Good management included the successful control of flows, selection of migrants with the right skills, and an ability of recipient societies to integrate incoming migrants. Without successful integration, the economic and social objectives would not be met – immigrants would not find the jobs they were brought in to perform, immigrant investors would leave the country with their money, and the host country’s reputation as hostile to immigrants would diminish its recruitment ability. Immigrants often took on jobs left unfilled by the local labour market – migration could occur alongside persistent unemployment. Participants looked at ways in which migration could be managed effectively for the benefit of both sending and recipient countries, and at relatively successful examples such as the US, Australia and Canada. Bilateral agreements could be one way forward. China’s investment and general interest in sub-Saharan Africa was also seen by several participants as a clear example of a demographic relationship being built for the future – with China’s population shrinking and fertility rates in Sub-Saharan Africa still very high. International contractual agreements could be used to manage migration and multilateral institutions might in the future be encouraged to mediate relations between older and younger societies. Globalisation was crucial in matching jobs to workers and savers to investment opportunities.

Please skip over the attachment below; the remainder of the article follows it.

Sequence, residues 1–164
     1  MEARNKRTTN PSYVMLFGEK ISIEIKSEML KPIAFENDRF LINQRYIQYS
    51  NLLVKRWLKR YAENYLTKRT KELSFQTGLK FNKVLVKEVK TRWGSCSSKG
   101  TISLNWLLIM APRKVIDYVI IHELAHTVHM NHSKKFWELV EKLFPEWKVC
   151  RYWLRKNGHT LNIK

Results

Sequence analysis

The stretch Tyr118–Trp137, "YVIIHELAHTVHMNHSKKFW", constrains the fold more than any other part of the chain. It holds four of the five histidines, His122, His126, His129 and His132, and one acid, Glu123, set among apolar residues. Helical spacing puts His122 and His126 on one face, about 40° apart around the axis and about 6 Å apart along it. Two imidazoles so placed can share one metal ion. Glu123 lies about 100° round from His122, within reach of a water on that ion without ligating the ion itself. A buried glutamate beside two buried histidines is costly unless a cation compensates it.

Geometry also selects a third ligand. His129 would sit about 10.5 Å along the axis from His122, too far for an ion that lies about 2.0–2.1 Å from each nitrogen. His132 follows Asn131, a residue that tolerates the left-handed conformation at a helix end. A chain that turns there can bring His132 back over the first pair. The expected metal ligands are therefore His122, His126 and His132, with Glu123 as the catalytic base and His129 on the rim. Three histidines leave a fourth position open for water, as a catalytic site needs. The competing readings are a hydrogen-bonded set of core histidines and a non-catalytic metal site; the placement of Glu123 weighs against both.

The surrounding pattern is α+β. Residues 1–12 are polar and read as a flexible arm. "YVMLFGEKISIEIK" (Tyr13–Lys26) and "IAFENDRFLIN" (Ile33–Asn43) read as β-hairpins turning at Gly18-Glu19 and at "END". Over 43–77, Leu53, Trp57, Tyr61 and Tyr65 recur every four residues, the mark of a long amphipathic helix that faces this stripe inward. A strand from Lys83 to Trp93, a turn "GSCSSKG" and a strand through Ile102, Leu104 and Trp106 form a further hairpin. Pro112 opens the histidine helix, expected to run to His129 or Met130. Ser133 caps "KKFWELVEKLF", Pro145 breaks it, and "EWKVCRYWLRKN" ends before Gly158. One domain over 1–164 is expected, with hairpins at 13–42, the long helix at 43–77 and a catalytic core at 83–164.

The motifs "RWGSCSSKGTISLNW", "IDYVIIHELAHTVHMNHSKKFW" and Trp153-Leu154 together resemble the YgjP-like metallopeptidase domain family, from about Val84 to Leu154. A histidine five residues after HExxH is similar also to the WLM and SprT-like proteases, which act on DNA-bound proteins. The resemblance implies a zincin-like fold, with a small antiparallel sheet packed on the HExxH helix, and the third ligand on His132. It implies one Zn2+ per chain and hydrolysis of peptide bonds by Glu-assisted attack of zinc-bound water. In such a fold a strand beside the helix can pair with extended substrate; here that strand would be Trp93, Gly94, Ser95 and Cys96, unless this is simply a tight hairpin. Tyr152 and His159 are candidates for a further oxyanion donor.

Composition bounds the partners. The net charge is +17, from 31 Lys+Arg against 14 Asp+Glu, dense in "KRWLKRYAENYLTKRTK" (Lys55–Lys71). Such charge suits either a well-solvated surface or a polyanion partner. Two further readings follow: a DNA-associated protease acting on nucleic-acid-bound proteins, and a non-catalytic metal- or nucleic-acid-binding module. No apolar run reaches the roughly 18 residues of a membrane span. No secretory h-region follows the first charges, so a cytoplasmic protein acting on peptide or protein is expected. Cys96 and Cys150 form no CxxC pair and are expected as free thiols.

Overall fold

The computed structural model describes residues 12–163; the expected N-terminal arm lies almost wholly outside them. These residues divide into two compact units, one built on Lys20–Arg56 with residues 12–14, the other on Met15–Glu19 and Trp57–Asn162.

However there was a major question mark over ageing countries’ willingness to contemplate more inward migration. For now popular attitudes were increasingly hostile, for example in much of Europe, driven by fears of irrevocable change to the nature of societies, and exacerbated by the economic crisis and the perception (whatever the reality) that jobs which could go to nationals were going instead to migrants. This situation could change, as the effects of ageing became clearer, but for the present the prospects of sensible management of migration for mutual benefit did not look good. European governments needed to lift their eyes a little and be aware that Asia might soon become a rival for migrant labour, and could appear more attractive to many. The ability to attract and manage migration might in the future be a key determinant in a country’s economic success.